R. Kelly’s Chicago conviction to stand after high court rejects appeal

CHICAGO — R. Kelly’s sex-crime conviction and 20-year sentence in Chicago’s federal court will stand, an appeals court ruled Friday in a blistering opinion.

“For years, Robert Sylvester Kelly abused underage girls. By employing a complex scheme to keep victims quiet, he long evaded consequences. In recent years, though, those crimes caught up with him at last,” Judge Amy St. Eve of the 7th Circuit U.S. Court of Appeals wrote in the terse, 14-page ruling.

“But Kelly — interposing a statute-of-limitations defense — thinks he delayed the charges long enough to elude them entirely. The statute says otherwise, so we affirm his conviction.”

The appellate court also denied Kelly’s request for resentencing, saying they had no grounds to second-guess the 20-year prison term U.S. District Judge Harry Leinenweber handed down.

“An even-handed jury found Kelly guilty, acquitting him on several charges even after viewing those abhorrent tapes,” the appellate ruling states. “No statute of limitations saves him, and the resulting sentence was procedurally proper and — especially under these appalling circumstances — substantively fair.”

Kelly’s attorney, Jennifer Bonjean, told the Tribune Friday that they were still weighing whether to request a rehearing before the full 7th Circuit panel — a move that is rarely granted.

Meanwhile, Bonjean says she plans to petition the U.S. Supreme Court on the statute of limitations issue, which centers on whether a new law passed after the underlying crimes in Kelly’s case should have been applied.

“We believe that is an appropriate issue for review by the Supreme Court,” Bonjean said.

Kelly, 57, is serving his time at a medium-security facility in Butner, North Carolina. His current release date is Dec. 21, 2045, when he’d be a couple weeks shy of his 79th birthday, federal prison records show.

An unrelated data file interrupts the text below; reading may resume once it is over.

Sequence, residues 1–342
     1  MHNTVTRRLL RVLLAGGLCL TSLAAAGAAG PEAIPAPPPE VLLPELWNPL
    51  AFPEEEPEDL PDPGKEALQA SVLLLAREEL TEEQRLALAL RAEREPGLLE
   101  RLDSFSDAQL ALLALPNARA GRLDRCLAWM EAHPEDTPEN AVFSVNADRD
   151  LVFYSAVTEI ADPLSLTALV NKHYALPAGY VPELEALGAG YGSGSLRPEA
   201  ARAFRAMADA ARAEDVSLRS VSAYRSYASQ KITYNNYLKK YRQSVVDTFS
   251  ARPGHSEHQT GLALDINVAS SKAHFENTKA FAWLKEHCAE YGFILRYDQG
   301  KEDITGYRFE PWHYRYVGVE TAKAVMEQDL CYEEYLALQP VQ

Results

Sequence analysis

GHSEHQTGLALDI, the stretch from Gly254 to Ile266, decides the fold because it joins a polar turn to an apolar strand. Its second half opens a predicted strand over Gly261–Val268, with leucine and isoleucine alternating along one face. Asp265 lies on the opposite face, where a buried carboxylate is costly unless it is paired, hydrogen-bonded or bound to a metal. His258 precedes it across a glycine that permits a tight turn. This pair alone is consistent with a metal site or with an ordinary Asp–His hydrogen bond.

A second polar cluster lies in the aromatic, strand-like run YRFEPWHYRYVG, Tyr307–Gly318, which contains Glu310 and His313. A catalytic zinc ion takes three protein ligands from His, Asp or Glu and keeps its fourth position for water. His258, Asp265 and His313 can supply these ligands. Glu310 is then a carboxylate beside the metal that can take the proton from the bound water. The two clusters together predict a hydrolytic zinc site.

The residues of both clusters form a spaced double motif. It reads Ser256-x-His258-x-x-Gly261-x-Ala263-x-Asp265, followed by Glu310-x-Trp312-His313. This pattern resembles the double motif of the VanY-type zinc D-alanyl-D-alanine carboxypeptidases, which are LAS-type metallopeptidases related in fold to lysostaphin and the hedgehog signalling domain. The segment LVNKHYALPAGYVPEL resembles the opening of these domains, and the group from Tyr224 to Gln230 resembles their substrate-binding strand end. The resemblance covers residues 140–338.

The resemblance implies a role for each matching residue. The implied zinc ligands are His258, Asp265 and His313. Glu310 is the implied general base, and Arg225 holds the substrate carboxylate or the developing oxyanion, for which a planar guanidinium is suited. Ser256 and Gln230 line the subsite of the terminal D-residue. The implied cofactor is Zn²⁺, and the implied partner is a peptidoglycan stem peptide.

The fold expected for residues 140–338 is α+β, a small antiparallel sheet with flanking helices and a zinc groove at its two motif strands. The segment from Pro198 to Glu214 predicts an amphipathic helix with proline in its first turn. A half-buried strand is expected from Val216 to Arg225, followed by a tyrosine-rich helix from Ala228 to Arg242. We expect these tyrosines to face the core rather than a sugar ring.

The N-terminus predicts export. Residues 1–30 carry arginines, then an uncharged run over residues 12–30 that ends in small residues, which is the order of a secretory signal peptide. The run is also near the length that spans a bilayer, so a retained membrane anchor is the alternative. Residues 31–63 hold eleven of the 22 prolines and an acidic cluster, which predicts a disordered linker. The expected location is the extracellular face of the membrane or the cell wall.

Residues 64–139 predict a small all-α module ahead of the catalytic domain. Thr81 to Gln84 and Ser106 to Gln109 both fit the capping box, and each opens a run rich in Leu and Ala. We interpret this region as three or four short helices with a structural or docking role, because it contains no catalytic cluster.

Bonjean said she just spoke to Kelly on Thursday and that he remained “optimistic” about his remaining appeals.

“He understands that this is a process, that the fight is not over and he’s optimistic that the truth will eventually prevail,” she said.

A federal jury in Chicago convicted Kelly in 2022 on child pornography charges for explicit videos he made of himself and his then 14-year-old goddaughter, “Jane.” Kelly was also found guilty of inappropriate sexual relations with Jane and two other teenage girls, “Pauline” and “Nia.” The jury acquitted Kelly on separate charges of conspiring to rig his prior Cook County child pornography trial.

Kelly abused the three girls in the 1990s, when the law allowed prosecutors to bring such charges until the victims turned 25. Congress in 2003 expanded the statute of limitations up until the victim’s death, but on appeal Kelly attorney Jennifer Bonjean argued lawmakers never intended that amendment to apply retroactively. Prosecutors could not have brought these charges any later than 2009, she said.

Kelly is also appealing his conviction in a separate federal case out of New York, where a jury found him guilty of broad racketeering charges. He was sentenced to 30 years in the case; most of his prison term for the Chicago conviction is to be served concurrently.

During arguments in February on the Chicago case, St. Eve seemed skeptical, noting that no federal circuit has yet sided with Bonjean’s position.

Prosecutors argued that Congress expanded the statute of limitations long before it otherwise would have expired for Jane, Nia and Pauline. That’s a deadline extension, not a retroactive application of the law, they argued.

Case law overwhelmingly rejects Kelly’s claims, the appellate court ruled in Friday’s order.

“(It) is not unconstitutional to apply a newer statute of limitations to old conduct when the defendant was subject to prosecution at the time of the change, as Kelly was in 2003,” the ruling states.

The higher court also shot down Kelly’s argument that the counts involving Jane, including the child pornography charges, should have been tried separately from the rest.